An EU-funded project draws women from Macedonia and Greece in a common business effort.
By Goran Trajkov for Southeast European Times in Skopje -- 21/02/13
More than 120 women have attended the informational women's development workshops in Bitola, Macedonia. [AFP]
A new EU-funded project is drawing women from Macedonia and Greece to join in regional development and growth through their participation in employment and entrepreneurship. The face-to-face interaction is expected to establish connections that could become the basis for future potential co-operation.
The WIN/WIN project is part of the IPA cross-border co-operation programme. The project aims to support and develop women's entrepreneurship in targeted regions, and affect the economy on a local level.
Unemployed women having difficulty finding employment, women with business ideas, women-owners or managers of small businesses, and women who are looking for extra income or want to work from home are just some of the categories of participating women in the project.
In January, in Bitola, a city bordering with Greece, the second of six conferences on the project was held. More than 120 women have attended the informational workshops, and project co-ordinators hope the overall number of participants reaches 200.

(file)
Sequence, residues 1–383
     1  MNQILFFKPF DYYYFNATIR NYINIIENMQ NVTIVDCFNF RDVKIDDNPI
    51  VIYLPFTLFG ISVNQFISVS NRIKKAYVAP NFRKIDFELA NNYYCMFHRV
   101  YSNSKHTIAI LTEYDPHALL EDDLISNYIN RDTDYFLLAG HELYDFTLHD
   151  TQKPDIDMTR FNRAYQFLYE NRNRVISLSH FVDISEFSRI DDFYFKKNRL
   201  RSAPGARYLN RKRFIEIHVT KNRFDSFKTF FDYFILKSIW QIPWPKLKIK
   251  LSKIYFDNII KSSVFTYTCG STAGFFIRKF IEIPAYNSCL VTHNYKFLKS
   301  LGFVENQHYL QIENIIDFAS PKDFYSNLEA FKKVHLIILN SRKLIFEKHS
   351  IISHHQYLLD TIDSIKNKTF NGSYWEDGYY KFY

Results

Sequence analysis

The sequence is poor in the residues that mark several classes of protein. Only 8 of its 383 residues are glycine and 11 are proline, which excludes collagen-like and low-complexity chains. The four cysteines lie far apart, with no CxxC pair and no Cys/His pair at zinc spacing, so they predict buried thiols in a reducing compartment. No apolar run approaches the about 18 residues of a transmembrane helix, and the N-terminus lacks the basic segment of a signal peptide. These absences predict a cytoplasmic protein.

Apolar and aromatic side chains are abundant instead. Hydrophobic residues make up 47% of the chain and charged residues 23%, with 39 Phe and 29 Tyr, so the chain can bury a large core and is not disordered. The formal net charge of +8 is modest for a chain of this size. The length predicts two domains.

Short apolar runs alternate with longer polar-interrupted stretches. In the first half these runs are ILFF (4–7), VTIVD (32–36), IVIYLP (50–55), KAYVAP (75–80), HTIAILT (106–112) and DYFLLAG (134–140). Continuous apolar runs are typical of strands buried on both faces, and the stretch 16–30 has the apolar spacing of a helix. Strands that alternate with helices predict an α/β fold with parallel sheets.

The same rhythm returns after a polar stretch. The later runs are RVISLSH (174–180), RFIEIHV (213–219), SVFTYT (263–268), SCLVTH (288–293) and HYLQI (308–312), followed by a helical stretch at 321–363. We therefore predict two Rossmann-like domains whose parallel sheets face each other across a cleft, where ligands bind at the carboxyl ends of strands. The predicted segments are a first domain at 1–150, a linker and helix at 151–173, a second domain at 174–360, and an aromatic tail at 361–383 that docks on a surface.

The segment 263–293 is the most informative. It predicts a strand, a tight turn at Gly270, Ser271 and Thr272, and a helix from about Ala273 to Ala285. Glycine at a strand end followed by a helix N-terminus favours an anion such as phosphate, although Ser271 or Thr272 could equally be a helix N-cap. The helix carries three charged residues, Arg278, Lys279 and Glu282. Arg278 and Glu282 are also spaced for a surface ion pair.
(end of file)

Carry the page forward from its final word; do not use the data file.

"Women's opinions are collected at these workshops to determine the interest for each woman individually, each woman entrepreneur. The experience from our Greek partners helps a lot, as they have … become one of the eminent organisations in the development of women's entrepreneurship," Meri Stojanova, head of the project, told SETimes.
Popi Sourmaidou, managing director from Ergani Centre, a leading partner of the WIN-WIN project in Greece, told SETimes the project success depends on persistence.
"[The] WIN-WIN project is made … to offer possibilities to women in order to gain new skills and abilities, to capitalise profits from collaboration opportunities in new activities," Sourmaidou said.
Gordana Sekulovska is a participant in the WIN-WIN project and a member of the Association for the Development of Alternative Tourism in Ljubojno, Macedonia.
"New education is welcome and counts. Although the time we spent together was short, the benefit was mutual. Both sides fulfilled their duties conscientiously, professionally and successfully. Work before anything," Sekulovska said.
A contact point for the project was opened in Resen, Macedonia, to provide information to interested women or entrepreneurs after the project's completion.